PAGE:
Later in my conversation with Olena Gnes about what her life is like for her now and her family in Kyiv since Russian forces have retreated, but new horrors have emerged from the areas that they left behind.
COOPER: We've been talking with CNN's Ben Wedeman who is in Nikolai of tonight the city's you know has already endured nearly constant Russian bombardment especially of residential areas, something Ben saw up close today. Here is his report.
WEDEMAN (voice over): This has become Mykolaiv's daily routine, picking up the pieces, sweeping away the wreckage from Russian missile attacks, random shelling throughout the city with what appear to be cluster munitions.
Glass shards and shrapnel tore into Marina (ph) as she lies in a hospital, her thoughts are with her teenage daughter also injured now at a children's hospital.
(MARINA speaking in foreign language.)
WEDEMAN (voice over): "My daughter and I were caught between two bombs," she recalls. "It's a miracle we're still alive. It was terrifying."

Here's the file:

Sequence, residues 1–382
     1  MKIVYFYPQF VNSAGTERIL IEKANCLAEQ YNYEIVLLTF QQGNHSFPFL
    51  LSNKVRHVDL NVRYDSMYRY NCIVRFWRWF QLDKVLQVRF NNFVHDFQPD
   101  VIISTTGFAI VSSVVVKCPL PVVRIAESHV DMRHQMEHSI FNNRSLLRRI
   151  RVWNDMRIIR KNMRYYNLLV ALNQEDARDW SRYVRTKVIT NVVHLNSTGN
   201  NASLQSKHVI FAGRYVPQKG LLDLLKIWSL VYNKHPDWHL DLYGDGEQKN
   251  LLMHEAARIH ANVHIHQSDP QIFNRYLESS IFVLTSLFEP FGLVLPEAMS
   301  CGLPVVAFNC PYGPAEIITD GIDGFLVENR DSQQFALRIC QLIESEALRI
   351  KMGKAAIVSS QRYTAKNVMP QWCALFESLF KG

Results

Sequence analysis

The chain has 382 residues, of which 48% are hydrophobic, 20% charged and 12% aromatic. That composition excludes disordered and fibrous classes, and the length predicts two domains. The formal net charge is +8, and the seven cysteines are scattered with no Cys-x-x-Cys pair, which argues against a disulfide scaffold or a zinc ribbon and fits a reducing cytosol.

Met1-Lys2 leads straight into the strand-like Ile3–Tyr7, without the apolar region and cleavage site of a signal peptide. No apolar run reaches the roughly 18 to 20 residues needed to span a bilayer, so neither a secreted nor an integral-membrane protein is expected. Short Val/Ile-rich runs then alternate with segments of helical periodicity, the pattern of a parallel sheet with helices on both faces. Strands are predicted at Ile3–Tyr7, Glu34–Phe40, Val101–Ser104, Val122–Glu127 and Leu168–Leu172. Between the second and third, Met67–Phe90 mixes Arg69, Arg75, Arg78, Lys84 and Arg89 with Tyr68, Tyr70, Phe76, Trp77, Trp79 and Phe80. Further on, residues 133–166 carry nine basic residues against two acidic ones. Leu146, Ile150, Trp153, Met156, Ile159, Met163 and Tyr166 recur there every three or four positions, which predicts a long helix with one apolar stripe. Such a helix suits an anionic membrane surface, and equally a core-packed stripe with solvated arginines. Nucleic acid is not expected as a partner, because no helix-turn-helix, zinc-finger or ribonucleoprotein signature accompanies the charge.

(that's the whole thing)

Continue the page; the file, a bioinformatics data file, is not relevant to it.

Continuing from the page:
The hospital where Marina is recovering was hit in the morning. Dirt covers the blood from one of the injured.
Closed circuit television video from the city's cancer hospital captures the moment it was struck.
Earlier this week, a missile barrage killed nine people and wounded more than 40 at this market.
WEDEMAN (on camera): We were able to count 23 impact points in a radius of just 100 meters, and each one of these incoming rounds sprays shrapnel in every direction.
(DANILO speaking in foreign language.)
WEDEMAN (voice over): Danilo was working in this store and rushed outside when he heard the blasts.
(DANILO speaking in foreign language.